Queen Elizabeth of England died on September 8th at the age of 96. The Queen ascended to the throne in 1952 at the age of 25, and was crowned in Westminster Abbey on 2 June 1953. I was seven years old at the time, but for some reason I remember the coronation ceremony vividly.
The reason is that the coronation ceremony was broadcast on television. In Japan, NHK started broadcasting on February 1, 1953, and my father worked hard to buy me a 7-inch TV, so I became a TV kid and didn’t understand why. I remember watching the news of the coronation with great interest.
The Queen reigned for 70 years and 7 months, the longest in British history, and was admired by the public as the “Mother of England.” Her state funeral was held at Westminster Abbey on September 19, attended by dignitaries from around the world. Their Majesties the Emperor and Empress, U.S. President Biden, German and French presidents, and other dignitaries from all over the world attended, and more than 10,000 police officers, the largest number in history, guarded the ceremony.
On the other hand, in Japan, the state funeral of former Prime Minister Shinzo Abe will be held at Nippon Budokan on September 27 (this manuscript was written on the 26th). Unlike the state funeral of Queen Elizabeth, which was loved by the public, various public opinion polls show that more than half of former Prime Minister Abe’s state funeral is opposed to the state funeral. .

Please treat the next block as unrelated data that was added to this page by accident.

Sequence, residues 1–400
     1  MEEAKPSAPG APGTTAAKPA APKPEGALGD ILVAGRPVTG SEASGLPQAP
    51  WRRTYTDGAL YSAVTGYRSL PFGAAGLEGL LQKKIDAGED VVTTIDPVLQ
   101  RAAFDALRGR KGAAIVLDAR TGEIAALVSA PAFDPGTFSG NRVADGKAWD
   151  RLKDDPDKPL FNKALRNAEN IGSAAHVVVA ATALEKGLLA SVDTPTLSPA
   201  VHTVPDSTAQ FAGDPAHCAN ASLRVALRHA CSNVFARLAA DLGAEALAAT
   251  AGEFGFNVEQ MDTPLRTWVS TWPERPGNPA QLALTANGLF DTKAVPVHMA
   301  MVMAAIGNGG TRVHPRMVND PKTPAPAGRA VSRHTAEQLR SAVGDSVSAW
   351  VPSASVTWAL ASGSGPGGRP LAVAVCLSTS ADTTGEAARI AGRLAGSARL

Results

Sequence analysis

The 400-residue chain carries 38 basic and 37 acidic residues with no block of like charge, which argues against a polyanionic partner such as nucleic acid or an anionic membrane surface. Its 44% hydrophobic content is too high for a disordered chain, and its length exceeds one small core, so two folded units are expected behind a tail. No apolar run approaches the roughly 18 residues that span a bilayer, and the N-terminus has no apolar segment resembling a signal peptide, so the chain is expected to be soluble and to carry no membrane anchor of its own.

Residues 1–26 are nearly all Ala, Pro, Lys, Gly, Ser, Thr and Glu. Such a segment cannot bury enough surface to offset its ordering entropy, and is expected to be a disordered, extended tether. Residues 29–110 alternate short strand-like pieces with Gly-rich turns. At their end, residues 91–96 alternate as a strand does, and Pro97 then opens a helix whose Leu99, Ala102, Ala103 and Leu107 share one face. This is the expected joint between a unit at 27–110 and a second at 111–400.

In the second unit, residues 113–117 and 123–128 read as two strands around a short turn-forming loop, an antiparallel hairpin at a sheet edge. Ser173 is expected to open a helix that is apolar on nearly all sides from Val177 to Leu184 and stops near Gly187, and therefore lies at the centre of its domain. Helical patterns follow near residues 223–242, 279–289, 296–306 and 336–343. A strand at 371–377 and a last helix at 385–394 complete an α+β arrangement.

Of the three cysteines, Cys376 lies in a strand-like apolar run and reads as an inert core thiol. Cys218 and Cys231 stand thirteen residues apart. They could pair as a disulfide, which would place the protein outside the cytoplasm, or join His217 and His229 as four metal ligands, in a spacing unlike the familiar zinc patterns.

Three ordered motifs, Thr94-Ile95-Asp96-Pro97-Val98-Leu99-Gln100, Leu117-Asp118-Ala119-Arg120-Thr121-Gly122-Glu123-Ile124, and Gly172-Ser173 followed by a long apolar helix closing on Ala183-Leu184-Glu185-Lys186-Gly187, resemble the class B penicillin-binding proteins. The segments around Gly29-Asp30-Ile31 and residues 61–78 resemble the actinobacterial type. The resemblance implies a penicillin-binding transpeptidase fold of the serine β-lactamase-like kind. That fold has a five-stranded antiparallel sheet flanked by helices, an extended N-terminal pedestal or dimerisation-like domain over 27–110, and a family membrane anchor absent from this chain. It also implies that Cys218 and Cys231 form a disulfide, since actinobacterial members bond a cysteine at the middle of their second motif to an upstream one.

On top of that, Canadian Prime Minister Justin Trudeau, who was the only G7 leader scheduled to visit Japan, canceled his visit to the state funeral, citing hurricane damage. As far as the attendance of dignitaries around the world is compared, it seems that it will be a lonely state funeral.
Comparing state funeral practices in Japan and the UK, there are some similarities. It will be the first state funeral in 57 years since former Prime Minister Winston Churchill in 1965, and the first state funeral in Japan in 55 years since former Prime Minister Yoshida in 1967.
By the time of Churchill’s state funeral, the UK was already suffering from secular stagnation, known as the “British Disease” (increasing social security burden, declining people’s willingness to work, intensifying labor disputes, declining international competitiveness, economic growth). ) was occurring. After that, through the neo-liberal reforms by Iron Chancellor Thatcher and the “New Labor Third Way” reforms by Prime Minister Tony Blair, efforts were made to overcome the British disease.
On the other hand, in Japan, after the funeral of Shigeru Yoshida, efforts were made to achieve rapid economic growth based on an industrial and trading nation, which was a great success. After the collapse of the bubble economy in the early 1990s, structural reforms focused on deregulation, fiscal stimulus, and monetary easing were implemented, but Japan’s GDP and wage levels have hardly changed over the past 30 years.
Before the corona crisis, the world’s intellectuals had already diagnosed Japan’s 30-year long-term stagnation and decline as “Japan Disease,” but leaders in various fields in Japan began to seek treatment for pathological symptoms. didn’t go On the occasion of the recent Japanese-British funeral, I am once again deeply concerned about the “Japanese disease.”
The tourism industry also needs to think about measures to promote tourism while keeping Japan disease in mind.
(Hokkaido University Center for Advanced Tourism Studies Distinguished Visiting Professor)